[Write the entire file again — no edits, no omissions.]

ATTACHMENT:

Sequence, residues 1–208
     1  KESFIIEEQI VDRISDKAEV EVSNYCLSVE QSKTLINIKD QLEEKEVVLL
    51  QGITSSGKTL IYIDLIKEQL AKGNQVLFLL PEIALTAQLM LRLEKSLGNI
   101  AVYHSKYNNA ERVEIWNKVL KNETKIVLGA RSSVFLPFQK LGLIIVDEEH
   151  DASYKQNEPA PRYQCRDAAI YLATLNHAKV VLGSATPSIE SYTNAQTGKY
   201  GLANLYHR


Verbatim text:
Sequence, residues 1–208
     1  KESFIIEEQI VDRISDKAEV EVSNYCLSVE QSKTLINIKD QLEEKEVVLL
    51  QGITSSGKTL IYIDLIKEQL AKGNQVLFLL PEIALTAQLM LRLEKSLGNI
   101  AVYHSKYNNA ERVEIWNKVL KNETKIVLGA RSSVFLPFQK LGLIIVDEEH
   151  DASYKQNEPA PRYQCRDAAI YLATLNHAKV VLGSATPSIE SYTNAQTGKY
   201  GLANLYHR